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HR 1883 - Secure Gun Storage

Discussion in 'Activism' started by Outlaw Man, May 9, 2013.

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  1. r1derbike

    r1derbike Member

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    On the fence, on this one. Have a safe just installed that is bolted to the concrete slab and studs in the wall.

    I'm in the middle of a disability/SS claim, and it is getting rough, not able to work. I don't want to tap into my IRA investments, because of the horrible tax (at least a 10% break for emergencies), and I'm seriously considering it.

    BTW, there is a paper trail to 2 weapons I own (wife owns the other) for SD, and fully suspect illegal shenanigans from the government, when they lose their minds.

    Have two other safes for ammo and a safe only small enough for a sidearm and some ammo. That one is hidden in the car and cable locked to a bolted seat bracket, for those odd instances I cannot carry in a business.

    Hope I'm dead, before I see that a registration of safes is being used by an alphabet soup agency to conduct illegal searches/confiscation. Second thought, I might be dead because of it.

    This would be a slap in the face to all the careful gun owners.

    What's that old saying? "No good deed shall to unpunished".
     
    Last edited: May 10, 2013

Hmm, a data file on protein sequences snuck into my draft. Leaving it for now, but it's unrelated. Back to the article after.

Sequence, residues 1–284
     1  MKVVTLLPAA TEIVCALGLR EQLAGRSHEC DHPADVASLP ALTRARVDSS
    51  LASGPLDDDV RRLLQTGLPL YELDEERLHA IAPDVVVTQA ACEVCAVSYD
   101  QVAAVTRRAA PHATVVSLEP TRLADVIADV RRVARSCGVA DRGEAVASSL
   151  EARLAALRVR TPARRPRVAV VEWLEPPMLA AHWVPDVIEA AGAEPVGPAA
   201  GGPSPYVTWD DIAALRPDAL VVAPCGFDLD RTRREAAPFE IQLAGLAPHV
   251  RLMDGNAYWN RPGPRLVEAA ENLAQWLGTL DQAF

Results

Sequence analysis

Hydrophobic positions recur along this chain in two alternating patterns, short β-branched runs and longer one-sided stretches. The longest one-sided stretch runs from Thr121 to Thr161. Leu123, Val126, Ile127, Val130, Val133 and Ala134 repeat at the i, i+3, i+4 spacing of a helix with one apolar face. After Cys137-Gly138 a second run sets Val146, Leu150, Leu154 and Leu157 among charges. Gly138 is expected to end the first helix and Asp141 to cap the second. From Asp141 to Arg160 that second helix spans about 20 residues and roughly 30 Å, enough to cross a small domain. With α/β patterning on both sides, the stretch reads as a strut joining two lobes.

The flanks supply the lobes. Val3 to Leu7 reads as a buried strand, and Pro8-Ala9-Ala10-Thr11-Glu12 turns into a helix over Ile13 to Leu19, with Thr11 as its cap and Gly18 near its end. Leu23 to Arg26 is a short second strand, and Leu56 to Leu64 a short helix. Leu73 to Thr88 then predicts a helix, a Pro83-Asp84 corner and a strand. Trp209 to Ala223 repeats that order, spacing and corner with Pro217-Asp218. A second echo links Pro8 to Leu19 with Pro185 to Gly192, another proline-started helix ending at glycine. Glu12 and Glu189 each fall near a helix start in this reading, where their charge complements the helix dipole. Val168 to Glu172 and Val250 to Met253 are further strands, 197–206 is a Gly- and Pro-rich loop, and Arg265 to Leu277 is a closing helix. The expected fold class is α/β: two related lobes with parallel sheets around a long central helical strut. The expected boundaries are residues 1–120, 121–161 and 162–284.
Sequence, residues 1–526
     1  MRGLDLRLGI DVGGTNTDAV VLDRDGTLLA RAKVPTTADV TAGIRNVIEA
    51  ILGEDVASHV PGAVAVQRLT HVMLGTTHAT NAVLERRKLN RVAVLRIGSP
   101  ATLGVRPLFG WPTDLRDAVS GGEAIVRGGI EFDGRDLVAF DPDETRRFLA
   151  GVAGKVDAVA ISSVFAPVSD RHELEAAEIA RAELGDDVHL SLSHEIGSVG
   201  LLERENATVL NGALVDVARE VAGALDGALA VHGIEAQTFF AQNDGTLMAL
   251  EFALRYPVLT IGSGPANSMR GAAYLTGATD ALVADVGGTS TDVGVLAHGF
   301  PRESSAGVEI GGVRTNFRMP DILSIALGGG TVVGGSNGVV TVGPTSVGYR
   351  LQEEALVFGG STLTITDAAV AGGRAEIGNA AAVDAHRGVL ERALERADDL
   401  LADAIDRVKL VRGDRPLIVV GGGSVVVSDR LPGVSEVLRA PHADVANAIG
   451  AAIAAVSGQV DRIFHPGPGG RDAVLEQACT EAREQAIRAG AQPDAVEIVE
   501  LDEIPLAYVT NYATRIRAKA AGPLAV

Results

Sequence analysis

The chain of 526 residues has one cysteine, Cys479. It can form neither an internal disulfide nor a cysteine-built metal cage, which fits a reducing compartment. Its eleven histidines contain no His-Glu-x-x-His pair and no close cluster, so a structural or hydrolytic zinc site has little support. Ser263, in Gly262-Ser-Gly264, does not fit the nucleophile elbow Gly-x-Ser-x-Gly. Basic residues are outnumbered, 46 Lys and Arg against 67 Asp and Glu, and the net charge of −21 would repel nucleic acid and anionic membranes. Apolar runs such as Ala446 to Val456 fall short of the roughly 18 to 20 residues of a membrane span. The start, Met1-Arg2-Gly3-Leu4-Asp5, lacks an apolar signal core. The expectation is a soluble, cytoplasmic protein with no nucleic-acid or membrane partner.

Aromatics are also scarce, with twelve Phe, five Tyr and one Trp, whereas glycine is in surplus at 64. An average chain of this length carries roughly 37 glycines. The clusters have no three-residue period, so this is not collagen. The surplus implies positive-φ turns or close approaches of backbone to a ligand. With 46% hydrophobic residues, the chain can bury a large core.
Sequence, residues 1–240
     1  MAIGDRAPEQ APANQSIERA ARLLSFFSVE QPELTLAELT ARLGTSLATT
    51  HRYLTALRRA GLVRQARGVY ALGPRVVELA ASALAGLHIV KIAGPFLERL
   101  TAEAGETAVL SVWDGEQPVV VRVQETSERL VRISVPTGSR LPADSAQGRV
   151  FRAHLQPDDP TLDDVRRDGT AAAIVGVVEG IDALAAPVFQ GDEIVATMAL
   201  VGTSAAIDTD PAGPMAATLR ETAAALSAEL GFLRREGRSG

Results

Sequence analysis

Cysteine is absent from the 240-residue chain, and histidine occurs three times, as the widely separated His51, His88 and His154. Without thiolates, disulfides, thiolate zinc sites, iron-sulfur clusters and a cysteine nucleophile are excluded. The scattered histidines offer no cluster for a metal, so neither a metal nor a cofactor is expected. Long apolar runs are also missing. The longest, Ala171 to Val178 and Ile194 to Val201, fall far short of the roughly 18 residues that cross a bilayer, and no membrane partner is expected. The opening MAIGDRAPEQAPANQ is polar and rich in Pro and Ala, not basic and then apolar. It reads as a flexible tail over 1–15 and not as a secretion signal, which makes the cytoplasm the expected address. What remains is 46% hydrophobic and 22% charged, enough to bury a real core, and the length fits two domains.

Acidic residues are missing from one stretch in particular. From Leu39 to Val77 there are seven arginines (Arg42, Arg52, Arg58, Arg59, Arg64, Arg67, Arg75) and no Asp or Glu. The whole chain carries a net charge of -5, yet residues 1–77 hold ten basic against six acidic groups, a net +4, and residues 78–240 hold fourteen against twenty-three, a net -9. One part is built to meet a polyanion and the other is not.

2. SKILCZ

    SKILCZ Member

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    I am totally opposed to this.

    1) It is a redistribution of tax dollars. Taxpayers should not be forced to pay for my safe or that of anyone else. Remember, the government doesn't have its own money. It is taking ours and bribing us with it. The quote controversially attributed to de Tocqueville got it right: "The American Republic will endure until the day Congress discovers that it can bribe the public with the public's money."

    2) It is incrementalism. It will start with "approved" safes voluntarily, then it will eventually be made mandatory and more strict.

    3) The ban on registration sounds good, but in practice is irrelevant. The FOPA of 1986 also bans registration, but the ATF and government already collect data that would violate that ban.
     
    Last edited: May 10, 2013
  3. swalton1943

    swalton1943 Member

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    next question on the yellow sheet; do you have an approved safe?
     
  4. Green Lantern

    Green Lantern Member

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    My initial reaction....for 'bout 5 seconds...was "WOO HOO!"

    Then I remembered that all "Government" (read: TAXPAYER) money comes with strings attached...!

    Totally...as I recall it, we have California to thank for no longer being able to purchase the safe and sturdy Scepter fuel cans, for instance. We really need a firewall to keep California regulatory insanity IN California.... :cuss:
     
    Last edited: May 10, 2013
  5. herrwalther

    herrwalther Member